Effect of Saline Waste Solution Infiltration Rates on Uranium Retention and Spatial Distribution in Hanford Sediments

PDF Version Also Available for Download.

Description

The accidental overfilling of waste liquid from tank BX-102 at the Hanford Site in 1951 put about 10 metric tons of U(VI) into the vadose zone. In order to understand the dominant geochemical reactions and transport processes occurred during the initial infiltration and help understand current spatial distribution, we simulated the waste liquid spilling event in laboratory sediment columns using synthesized metal waste solution. We found that, as the plume propagating through sediments, pH decreased greatly (as much as 4 units) at the moving plume front. Infiltration flow rates strongly affect U behavior. Slower flow rates resulted in higher sediment-associated ... continued below

Creation Information

Wan, Jiamin; Tokunaga, Tetsu K.; Kim, Yongman; Wang, Zheming; Lanzirotti, Antonio; Saiz, Eduardo et al. March 15, 2007.

Context

This article is part of the collection entitled: Office of Scientific & Technical Information Technical Reports and was provided by UNT Libraries Government Documents Department to Digital Library, a digital repository hosted by the UNT Libraries. More information about this article can be viewed below.

Who

People and organizations associated with either the creation of this article or its content.

Sponsor

Publisher

Provided By

UNT Libraries Government Documents Department

Serving as both a federal and a state depository library, the UNT Libraries Government Documents Department maintains millions of items in a variety of formats. The department is a member of the FDLP Content Partnerships Program and an Affiliated Archive of the National Archives.

Contact Us

What

Descriptive information to help identify this article. Follow the links below to find similar items on the Digital Library.

Description

The accidental overfilling of waste liquid from tank BX-102 at the Hanford Site in 1951 put about 10 metric tons of U(VI) into the vadose zone. In order to understand the dominant geochemical reactions and transport processes occurred during the initial infiltration and help understand current spatial distribution, we simulated the waste liquid spilling event in laboratory sediment columns using synthesized metal waste solution. We found that, as the plume propagating through sediments, pH decreased greatly (as much as 4 units) at the moving plume front. Infiltration flow rates strongly affect U behavior. Slower flow rates resulted in higher sediment-associated U concentrations, and higher flow rates ({ge} 5 cm/day) permitted practically unretarded U transport. Therefore, given the very high K{sub sat} of most of Hanford formation, the low permeability zones within the sediment could have been most important in retaining high concentrations of U during initial release into the vadose zone. Massive amount of colloids, including U-colloids, formed at the plume fronts. Total U concentrations (aqueous and colloid) within plume fronts exceeded the source concentration by up to 5-fold. Uranium colloid formation and accumulation at the neutralized plume front could be one mechanism responsible for highly heterogeneous U distribution observed in the contaminated Hanford vadose zone.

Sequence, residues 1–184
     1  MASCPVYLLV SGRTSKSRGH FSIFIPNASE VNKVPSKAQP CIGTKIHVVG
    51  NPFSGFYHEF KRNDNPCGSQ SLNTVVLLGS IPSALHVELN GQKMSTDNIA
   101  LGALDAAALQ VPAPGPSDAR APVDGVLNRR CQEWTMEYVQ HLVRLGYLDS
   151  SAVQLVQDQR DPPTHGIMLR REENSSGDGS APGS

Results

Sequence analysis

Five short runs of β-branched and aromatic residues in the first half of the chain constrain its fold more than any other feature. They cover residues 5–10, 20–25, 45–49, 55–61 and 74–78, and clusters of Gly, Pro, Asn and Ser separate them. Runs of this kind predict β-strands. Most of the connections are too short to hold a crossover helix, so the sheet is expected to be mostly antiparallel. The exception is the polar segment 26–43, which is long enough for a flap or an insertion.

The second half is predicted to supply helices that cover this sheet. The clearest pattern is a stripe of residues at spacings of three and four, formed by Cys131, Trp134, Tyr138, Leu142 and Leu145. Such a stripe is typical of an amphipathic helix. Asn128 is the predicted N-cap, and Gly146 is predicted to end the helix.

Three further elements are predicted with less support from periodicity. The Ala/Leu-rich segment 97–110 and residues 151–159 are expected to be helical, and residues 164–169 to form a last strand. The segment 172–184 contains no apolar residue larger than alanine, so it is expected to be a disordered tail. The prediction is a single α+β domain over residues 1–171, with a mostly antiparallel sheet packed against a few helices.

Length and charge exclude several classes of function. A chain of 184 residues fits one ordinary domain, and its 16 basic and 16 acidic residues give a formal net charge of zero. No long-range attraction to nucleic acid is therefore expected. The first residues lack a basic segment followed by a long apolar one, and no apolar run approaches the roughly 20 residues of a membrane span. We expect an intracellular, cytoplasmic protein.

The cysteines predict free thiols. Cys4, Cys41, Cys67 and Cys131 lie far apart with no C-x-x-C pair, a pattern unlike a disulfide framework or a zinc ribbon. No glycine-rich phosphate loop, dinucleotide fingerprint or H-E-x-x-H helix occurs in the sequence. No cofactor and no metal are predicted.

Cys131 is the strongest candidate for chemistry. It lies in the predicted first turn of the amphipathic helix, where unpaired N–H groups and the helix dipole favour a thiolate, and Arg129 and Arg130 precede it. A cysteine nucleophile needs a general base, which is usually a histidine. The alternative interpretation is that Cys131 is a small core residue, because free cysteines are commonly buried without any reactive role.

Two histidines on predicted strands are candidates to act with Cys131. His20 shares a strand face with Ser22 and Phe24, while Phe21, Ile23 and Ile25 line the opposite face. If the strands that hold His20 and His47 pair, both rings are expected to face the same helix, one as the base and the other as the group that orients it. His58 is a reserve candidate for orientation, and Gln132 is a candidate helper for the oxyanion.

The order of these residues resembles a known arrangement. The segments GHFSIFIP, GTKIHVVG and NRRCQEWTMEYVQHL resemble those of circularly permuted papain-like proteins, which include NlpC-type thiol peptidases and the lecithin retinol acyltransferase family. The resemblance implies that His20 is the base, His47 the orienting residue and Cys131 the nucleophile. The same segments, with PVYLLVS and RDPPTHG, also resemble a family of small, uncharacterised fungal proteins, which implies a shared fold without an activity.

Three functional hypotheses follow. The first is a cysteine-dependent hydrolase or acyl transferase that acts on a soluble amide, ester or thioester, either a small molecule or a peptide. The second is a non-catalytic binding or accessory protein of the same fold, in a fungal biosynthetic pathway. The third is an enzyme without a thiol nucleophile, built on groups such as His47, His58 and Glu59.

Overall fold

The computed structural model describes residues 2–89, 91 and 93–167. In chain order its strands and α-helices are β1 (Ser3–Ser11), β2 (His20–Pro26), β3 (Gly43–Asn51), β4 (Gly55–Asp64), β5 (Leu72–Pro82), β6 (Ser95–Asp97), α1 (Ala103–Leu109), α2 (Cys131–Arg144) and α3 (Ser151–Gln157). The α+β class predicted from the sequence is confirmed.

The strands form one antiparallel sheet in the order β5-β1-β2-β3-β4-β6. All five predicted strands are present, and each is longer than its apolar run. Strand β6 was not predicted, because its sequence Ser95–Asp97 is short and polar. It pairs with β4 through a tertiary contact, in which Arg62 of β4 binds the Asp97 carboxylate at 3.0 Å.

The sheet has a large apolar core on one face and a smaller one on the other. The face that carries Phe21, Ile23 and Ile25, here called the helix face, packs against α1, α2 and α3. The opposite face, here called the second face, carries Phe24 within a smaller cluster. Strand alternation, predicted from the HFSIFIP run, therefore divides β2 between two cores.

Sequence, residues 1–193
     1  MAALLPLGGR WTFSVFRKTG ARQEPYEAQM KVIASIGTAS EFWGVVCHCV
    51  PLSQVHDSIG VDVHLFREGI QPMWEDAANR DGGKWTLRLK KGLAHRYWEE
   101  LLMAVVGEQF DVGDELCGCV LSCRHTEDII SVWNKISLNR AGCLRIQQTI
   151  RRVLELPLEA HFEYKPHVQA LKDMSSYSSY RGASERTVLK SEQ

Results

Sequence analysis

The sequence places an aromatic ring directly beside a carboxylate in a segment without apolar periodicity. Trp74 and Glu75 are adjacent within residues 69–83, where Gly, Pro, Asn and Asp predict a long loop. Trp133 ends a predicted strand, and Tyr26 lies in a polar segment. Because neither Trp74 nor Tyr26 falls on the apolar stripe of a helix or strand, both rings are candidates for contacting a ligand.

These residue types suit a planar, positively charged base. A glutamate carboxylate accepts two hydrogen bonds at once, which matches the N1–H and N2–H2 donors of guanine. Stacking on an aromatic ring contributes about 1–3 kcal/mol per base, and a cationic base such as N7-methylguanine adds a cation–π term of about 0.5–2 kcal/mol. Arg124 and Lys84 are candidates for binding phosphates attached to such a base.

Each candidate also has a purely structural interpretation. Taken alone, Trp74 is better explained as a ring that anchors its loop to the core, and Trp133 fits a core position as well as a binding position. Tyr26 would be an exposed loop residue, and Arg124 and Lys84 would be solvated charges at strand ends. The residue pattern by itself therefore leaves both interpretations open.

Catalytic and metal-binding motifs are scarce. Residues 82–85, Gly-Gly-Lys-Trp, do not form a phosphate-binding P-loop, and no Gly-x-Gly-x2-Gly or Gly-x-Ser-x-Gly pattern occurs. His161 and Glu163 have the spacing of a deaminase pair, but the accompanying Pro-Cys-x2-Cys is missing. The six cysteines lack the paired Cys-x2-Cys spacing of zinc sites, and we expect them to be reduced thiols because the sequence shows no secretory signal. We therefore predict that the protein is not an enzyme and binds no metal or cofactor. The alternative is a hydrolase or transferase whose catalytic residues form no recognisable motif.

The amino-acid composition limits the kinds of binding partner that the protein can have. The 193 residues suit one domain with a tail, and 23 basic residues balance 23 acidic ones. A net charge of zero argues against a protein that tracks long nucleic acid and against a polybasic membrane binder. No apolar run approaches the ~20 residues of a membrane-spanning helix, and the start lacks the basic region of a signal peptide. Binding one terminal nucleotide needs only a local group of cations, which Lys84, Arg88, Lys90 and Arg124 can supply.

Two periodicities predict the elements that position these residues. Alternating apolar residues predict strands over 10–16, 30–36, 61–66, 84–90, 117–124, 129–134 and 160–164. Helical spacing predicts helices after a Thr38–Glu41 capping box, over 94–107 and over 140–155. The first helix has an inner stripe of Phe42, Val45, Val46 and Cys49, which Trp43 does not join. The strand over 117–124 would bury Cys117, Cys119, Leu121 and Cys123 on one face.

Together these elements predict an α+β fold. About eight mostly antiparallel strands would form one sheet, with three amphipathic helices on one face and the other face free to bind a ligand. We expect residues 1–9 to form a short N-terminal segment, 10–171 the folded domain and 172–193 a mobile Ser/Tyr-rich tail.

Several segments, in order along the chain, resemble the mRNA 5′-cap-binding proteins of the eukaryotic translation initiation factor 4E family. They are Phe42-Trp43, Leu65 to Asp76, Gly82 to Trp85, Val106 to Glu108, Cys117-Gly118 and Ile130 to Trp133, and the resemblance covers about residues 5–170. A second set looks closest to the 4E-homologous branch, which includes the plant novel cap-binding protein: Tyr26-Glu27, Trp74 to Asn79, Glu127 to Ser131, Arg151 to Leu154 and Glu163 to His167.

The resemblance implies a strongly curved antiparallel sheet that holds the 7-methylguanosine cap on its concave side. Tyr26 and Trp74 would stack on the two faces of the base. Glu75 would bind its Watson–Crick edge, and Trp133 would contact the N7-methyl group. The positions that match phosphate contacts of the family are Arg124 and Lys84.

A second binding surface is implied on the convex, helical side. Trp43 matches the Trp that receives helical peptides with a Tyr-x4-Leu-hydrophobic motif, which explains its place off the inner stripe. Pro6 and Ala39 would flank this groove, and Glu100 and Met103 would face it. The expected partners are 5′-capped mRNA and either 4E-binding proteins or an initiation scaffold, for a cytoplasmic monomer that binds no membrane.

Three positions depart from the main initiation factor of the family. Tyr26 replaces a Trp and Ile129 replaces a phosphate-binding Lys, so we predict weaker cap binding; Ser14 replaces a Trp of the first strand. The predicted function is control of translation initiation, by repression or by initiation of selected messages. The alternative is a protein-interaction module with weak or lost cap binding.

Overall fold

Source

  • Journal Name: Environmental Science and Technology; Journal Volume: 42; Journal Issue: 6; Related Information: Journal Publication Date: 03/15/2008

Language

Item Type

Identifier

Unique identifying numbers for this article in the Digital Library or other systems.

  • Report No.: LBNL--63501
  • Grant Number: DE-AC02-05CH11231
  • Office of Scientific & Technical Information Report Number: 929054
  • Archival Resource Key: ark:/67531/metadc897136

Collections

This article is part of the following collection of related materials.

Office of Scientific & Technical Information Technical Reports

Reports, articles and other documents harvested from the Office of Scientific and Technical Information.

Office of Scientific and Technical Information (OSTI) is the Department of Energy (DOE) office that collects, preserves, and disseminates DOE-sponsored research and development (R&D) results that are the outcomes of R&D projects or other funded activities at DOE labs and facilities nationwide and grantees at universities and other institutions.

What responsibilities do I have when using this article?

When

Dates and time periods associated with this article.

Creation Date

  • March 15, 2007

Added to The UNT Digital Library

  • Sept. 27, 2016, 1:39 a.m.

Description Last Updated

  • Sept. 21, 2017, 3:39 p.m.

Usage Statistics

When was this article last used?

Congratulations! It looks like you are the first person to view this item online.

Interact With This Article

Here are some suggestions for what to do next.

Start Reading

PDF Version Also Available for Download.

Citations, Rights, Re-Use

Wan, Jiamin; Tokunaga, Tetsu K.; Kim, Yongman; Wang, Zheming; Lanzirotti, Antonio; Saiz, Eduardo et al. Effect of Saline Waste Solution Infiltration Rates on Uranium Retention and Spatial Distribution in Hanford Sediments, article, March 15, 2007; Berkeley, California. (digital.library.unt.edu/ark:/67531/metadc897136/: accessed December 15, 2017), University of North Texas Libraries, Digital Library, digital.library.unt.edu; crediting UNT Libraries Government Documents Department.